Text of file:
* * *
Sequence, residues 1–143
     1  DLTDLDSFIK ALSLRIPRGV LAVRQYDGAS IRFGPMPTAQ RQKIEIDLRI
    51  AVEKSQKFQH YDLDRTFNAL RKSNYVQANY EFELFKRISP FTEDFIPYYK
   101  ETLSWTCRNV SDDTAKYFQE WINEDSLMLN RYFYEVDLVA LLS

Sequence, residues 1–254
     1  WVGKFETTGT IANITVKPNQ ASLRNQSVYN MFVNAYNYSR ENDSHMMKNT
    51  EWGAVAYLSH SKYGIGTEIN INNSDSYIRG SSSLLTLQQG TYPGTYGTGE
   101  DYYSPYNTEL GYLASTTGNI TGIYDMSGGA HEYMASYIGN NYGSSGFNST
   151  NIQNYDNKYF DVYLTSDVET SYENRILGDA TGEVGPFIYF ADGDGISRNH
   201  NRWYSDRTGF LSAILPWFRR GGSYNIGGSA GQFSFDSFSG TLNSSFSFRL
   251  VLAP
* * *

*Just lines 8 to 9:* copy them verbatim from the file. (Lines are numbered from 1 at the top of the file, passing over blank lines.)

   101  DYYSPYNTEL GYLASTTGNI TGIYDMSGGA HEYMASYIGN NYGSSGFNST
   151  NIQNYDNKYF DVYLTSDVET SYENRILGDA TGEVGPFIYF ADGDGISRNH